Ramblin' Rhodes

Stroll down memory lane with music columnist Don Rhodes.

Ramblin' Rhodes: 'Poppy Lady' started tradition of red paper memorials

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Tyler Hubbard, of the duo Florida Georgia Line – which is headed to Lake Olmstead Stadium on June 13 – isn’t the only internationally famous person to come out of Monroe, Ga., just off Interstate 20 near Athens.

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In 1948, the U.S. Postal Service issued a 3-cent commemorative stamp with Moina Michael's likeness.  NATIONAL WOMEN'S HISTORY MUSEUM/SPECIAL
NATIONAL WOMEN'S HISTORY MUSEUM/SPECIAL
In 1948, the U.S. Postal Service issued a 3-cent commemorative stamp with Moina Michael's likeness.

Another is a woman named Moina Belle Michael, who is a perfect example of how one person can start a movement that can change the world.

She was born southeast of Good Hope, Ga., and taught school classes in Monroe and later Athens. She is buried in Rest Haven Cemetery in Monroe in a family plot.

I became aware of her when I lived in Chamblee, Ga., near Atlanta and frequently visited the Georgia State Capitol building. There, I would often see a white marble bust of Michael that was unveiled in 1937, seven years before she died.

She was known as “The Poppy Lady” because she was the one who started the annual tradition of red paper poppies being sold throughout the world usually on Memorial Day weekend. They are distributed to remember the sacrifice of fallen soldiers and specifically are given by donations for disabled veterans and their dependents.

I thought of her on Friday, May 23, when I spent five hours in front of the North Augusta Kroger store helping the women’s auxiliary unit of the Jesse C. Lynch Memorial American Legion Post 71 sell red paper poppies as they have done for decades.

And I told many people that afternoon the story of how a Georgia woman began the tradition of the red paper poppy sales. Almost no one, including dozens of veterans of several wars from many states, had ever heard of her.

In 1918, Michael was working at the training headquarters for overseas YWCA workers located at Columbia University in New York City. She took time out one day to read the November issue of the Ladies Home Journal that had been put on her desk.

She saw that a page had been marked that featured a poem then titled We Shall Not Sleep written by Canadian Army officer John McCrae. The poem, later retitled In Flanders Fields, had the words, “In Flanders fields the poppies blow between the crosses row on row.”

Michael was inspired from reading that poem to begin wearing a red poppy to remember fallen veterans. Then she got others to do the same.

That led to the poppies being sold with the money to be used specifically for disabled veterans of World War I and their dependents.

From there, the movement grew to disabled veterans making the red paper poppies. I was told the ones we were selling that Friday had been made by disabled veterans in Virginia.

The movement spread internationally and Michael ended up being on the faculty of the University of Georgia for 25 years teaching classes of disabled veterans. She visited Augusta several times usually for functions connected with American Legion posts or other veterans’ activities.

Just before her death, she estimated the annual poppy sales had resulted in more than $125 million raised internationally.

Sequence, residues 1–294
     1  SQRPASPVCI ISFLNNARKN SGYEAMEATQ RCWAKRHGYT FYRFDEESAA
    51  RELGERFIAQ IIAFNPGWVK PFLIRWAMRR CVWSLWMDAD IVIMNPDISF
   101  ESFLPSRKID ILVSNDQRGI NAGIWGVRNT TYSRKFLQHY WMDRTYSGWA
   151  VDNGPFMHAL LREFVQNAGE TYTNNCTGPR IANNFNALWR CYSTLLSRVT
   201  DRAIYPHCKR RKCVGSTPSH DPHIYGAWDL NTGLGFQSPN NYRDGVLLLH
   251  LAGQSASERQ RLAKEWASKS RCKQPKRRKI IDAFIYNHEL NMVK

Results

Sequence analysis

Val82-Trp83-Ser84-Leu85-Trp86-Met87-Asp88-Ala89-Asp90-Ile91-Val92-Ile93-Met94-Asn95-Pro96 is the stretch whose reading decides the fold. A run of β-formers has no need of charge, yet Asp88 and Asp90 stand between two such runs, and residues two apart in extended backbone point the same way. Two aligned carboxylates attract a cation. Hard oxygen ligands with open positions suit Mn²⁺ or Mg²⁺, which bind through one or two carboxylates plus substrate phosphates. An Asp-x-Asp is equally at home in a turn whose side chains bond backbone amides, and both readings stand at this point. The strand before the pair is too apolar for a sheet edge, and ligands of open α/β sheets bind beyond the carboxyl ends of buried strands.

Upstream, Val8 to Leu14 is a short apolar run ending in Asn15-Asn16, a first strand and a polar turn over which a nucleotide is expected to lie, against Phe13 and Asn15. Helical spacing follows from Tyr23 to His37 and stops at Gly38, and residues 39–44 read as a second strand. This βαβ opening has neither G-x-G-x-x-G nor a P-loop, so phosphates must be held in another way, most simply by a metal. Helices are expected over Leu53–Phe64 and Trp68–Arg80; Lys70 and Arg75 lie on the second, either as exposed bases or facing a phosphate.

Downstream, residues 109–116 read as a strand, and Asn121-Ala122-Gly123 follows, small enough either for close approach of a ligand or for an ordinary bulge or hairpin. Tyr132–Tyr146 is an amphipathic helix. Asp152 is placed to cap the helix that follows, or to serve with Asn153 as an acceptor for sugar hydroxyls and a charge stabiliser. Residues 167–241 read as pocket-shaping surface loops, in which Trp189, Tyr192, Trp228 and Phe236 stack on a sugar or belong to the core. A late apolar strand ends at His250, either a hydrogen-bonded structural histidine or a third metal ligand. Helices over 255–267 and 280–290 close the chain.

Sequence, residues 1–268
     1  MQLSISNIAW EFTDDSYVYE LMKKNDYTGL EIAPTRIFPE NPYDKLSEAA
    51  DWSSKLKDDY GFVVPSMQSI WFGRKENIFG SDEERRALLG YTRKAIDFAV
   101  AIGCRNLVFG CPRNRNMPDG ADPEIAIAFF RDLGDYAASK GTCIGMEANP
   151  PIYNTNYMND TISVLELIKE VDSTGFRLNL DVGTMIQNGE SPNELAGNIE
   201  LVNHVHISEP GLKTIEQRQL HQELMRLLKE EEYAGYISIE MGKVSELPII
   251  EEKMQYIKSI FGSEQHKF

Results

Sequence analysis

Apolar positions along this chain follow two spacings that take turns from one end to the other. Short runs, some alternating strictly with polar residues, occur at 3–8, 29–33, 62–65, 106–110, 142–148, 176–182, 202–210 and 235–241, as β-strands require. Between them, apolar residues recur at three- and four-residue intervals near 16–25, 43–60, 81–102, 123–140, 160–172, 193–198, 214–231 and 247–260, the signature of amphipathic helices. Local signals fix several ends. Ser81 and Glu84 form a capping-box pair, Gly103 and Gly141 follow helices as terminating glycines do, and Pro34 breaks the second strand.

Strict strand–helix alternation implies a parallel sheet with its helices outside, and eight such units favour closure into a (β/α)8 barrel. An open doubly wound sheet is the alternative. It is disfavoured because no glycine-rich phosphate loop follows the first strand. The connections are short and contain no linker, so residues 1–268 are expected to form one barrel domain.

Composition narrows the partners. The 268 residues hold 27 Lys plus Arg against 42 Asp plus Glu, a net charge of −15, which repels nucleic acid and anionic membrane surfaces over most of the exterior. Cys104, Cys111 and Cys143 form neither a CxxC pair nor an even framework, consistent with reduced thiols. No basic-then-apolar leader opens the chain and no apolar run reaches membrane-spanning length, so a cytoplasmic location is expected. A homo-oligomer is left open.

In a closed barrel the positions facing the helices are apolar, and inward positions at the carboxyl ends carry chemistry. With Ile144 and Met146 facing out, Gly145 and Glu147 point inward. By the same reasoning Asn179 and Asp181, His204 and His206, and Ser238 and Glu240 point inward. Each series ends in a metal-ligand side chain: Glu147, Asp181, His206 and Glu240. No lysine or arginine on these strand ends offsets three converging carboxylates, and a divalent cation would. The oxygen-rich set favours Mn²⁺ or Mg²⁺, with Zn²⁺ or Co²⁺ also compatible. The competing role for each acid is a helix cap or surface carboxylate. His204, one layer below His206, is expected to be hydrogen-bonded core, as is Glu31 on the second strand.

“No financial gain ever came to her,” it was reported by the Associated Press.

She died in Athens General Hospital on May 10, 1944. That was the month before the D-Day invasion.

Two weeks before her death at 74, she had completed making 300 paper poppies by hand. Her coffin was draped by an American flag that she had sewed herself.

After her death, the U.S. Postal Service issued a commemorative stamp in her memory and a Liberty Ship during WWII carried her name. The Georgia General Assembly also designated the stretch of U.S. Highway 78 between Athens and Monroe as “The Moina Michael Highway.”

So the next time you run into veterans and auxiliary women selling paper red poppies to help disabled veterans and their families, think about Moina Michael of Monroe, Ga.

BACK TO FLORIDA GEORGIA LINE: Brian Kelley and Tyler Hubbard, known as Florida Georgia Line, will be in Augusta at 7:30 p.m. Friday, June 13, at Lake Olmstead Stadium.

Texas-born singer and rapper Nelly and North Carolina-born country newcomer Chris Lane will open the show.

Tickets cost $39.75 and are available through ticketfly.com. A limited number of tickets are for sale in person only at the Augusta GreenJackets box office. Call (706) 736-7889 to check on availability.

FIRST FRIDAY BOOK SIGNING: If you’re downtown in Augusta for First Friday look for me signing copies of my new book, Legendary Locals of Augusta, from 6 to 9 p.m. Friday, June 6, at the Book Tavern, 936 Broad St., in the old J.B. White’s building.

MILITARY EXHIBIT IN THOMSON: The McDuffie Museum, 121 Main St., in Thomson, Ga., has just opened its summer exhibit of American, Nazi and Japanese military artifacts including several uniforms, rifles, guns, recruitment posters, etc.

The exhibit focuses on the observances of Armed Forces Day, Memorial Day, D-Day Invasion and Independence Day. Visit mcduffiemuseum.com or call (706) 595-9923 for details.

ROBERT EARL KEEN HEADING BACK: Americana artist Robert Earl Keen will be back at Imperial Theatre for a show at 7:30 p.m. Wednesday, June 18.

Tickets cost $15, $20 and $24. Call the box office at (706) 722-8341, 10 a.m.-4 p.m. Tuesdays-Fridays or order online at imperialtheatre.com.


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